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Four Red Ruffed
born at San Jose's Happy Hollow Zoo, Calif.
June 8, 2009
"the Happy Hollow Park & Zoo publicly declared the May 17 births of four baby Red Ruffed lemurs. "They're a whole lot of fun to watch,'' said zoo curator Valerie Riegel. "Today mom, brought them out into the sunshine. It's neat to see what a great job she's doing as a first-time mom.'' Riegel was referring to Meva, the 9-year-old mother, who has been busy nursing her healthy litter, as she nourishes herself on mangos, watermelon and apples. Meva has also been protecting her babies from Dad. She's been slapping and boxing 26-year-old father Achelous, if he tries to peek in the nest to see his offspring. "Lemurs are a female dominated society,'' Riegel said. Unfortunately, the public will have to wait until spring 2010 to see the lemurs in person. Happy Hollow is now closed because the zoo is undergoing a $72 million renovation. The upgrades will include an area called Lemur Woods complete with a play area for anyone to climb, jump, "and act like a lemur,'' said Shannon Heimer, education coordinator. Until then, lemur-lovers will soon be able to view photos on the zoo's Web site, and sign up on Facebook for an upcoming formal birth announcement. A lemur video is possibly in the works, too, said zoo spokeswoman Vanessa Rogier. What makes this especially exciting news for Happy" -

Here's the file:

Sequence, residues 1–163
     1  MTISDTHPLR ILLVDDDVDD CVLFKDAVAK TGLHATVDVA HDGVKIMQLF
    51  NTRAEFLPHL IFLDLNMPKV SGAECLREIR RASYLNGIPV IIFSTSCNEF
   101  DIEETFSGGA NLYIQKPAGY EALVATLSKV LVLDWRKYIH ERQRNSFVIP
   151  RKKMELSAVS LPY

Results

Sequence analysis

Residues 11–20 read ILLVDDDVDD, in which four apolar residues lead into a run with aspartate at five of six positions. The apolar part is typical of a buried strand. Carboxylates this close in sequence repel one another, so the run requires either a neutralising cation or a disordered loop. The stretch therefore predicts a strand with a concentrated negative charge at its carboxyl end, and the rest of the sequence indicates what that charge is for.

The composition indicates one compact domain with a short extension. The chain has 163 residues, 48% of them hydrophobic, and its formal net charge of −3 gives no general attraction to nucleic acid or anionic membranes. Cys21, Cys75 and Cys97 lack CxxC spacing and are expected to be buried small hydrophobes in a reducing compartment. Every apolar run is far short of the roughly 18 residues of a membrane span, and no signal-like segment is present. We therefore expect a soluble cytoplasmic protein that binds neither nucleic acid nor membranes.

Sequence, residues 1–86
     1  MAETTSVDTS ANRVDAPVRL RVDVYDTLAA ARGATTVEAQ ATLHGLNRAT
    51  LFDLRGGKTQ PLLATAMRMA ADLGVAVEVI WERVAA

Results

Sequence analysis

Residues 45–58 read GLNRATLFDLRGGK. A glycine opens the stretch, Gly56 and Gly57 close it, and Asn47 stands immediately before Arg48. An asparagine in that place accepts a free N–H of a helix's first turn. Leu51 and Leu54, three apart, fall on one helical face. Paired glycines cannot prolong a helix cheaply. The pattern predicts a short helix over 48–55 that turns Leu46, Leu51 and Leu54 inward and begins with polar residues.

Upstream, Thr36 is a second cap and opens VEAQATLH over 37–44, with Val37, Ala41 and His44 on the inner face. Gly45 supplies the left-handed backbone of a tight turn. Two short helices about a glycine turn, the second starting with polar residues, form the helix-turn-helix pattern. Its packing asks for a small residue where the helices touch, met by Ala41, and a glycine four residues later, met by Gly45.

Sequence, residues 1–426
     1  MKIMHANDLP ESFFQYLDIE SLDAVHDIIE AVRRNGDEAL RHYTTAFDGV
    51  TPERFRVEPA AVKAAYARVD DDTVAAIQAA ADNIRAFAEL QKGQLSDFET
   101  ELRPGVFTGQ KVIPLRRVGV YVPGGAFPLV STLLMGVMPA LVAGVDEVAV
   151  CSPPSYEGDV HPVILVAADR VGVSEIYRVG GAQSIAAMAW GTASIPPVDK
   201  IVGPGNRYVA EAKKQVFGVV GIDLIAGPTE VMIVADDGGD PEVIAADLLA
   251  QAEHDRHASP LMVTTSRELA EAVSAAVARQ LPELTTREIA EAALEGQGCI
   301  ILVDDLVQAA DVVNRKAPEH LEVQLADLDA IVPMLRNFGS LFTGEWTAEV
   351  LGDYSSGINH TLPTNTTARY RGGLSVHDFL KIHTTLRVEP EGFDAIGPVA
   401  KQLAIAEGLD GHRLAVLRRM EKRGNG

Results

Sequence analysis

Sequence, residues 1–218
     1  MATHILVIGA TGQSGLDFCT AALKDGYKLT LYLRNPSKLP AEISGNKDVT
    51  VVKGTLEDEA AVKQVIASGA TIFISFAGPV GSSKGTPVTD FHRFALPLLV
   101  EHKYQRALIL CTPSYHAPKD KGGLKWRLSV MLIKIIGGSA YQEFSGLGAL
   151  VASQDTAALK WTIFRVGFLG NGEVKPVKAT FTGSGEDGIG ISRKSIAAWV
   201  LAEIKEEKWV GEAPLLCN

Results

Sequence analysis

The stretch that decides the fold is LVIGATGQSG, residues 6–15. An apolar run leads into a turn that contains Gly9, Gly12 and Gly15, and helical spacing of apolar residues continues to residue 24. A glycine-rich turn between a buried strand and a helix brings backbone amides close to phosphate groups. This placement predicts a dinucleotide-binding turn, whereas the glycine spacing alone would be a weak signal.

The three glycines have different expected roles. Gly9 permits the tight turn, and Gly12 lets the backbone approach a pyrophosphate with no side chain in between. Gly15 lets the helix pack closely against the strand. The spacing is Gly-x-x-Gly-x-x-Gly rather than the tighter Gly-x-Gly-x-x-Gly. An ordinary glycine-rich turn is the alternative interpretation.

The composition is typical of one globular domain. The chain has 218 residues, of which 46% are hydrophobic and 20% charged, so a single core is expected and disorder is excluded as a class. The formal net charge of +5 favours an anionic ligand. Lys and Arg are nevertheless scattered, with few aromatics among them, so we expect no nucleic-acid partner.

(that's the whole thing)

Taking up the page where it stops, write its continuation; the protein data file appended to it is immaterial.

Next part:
"The babies, two females and two males, have become more visible as the mother has started to leave the nest box for small periods at a time. No names have been announced. The births are also a first for the new parents. Meva, the 9-year old mother who came from the Micke Grove Zoo in Lodi one year ago while the father, Achelous, 26, has been at Happy Hollow since 1990. Meva is part of the Ruffed lemur Species Survival Plan (SSP), a program of the Association of Zoos and Aquariums dedicated to long-term management and conservation of the lemur. Red Ruffed lemurs are listed as endangered, due to habitat loss, hunting, and the pet trade as primary threats. The exact status of the animals in the wild is not fully known.."
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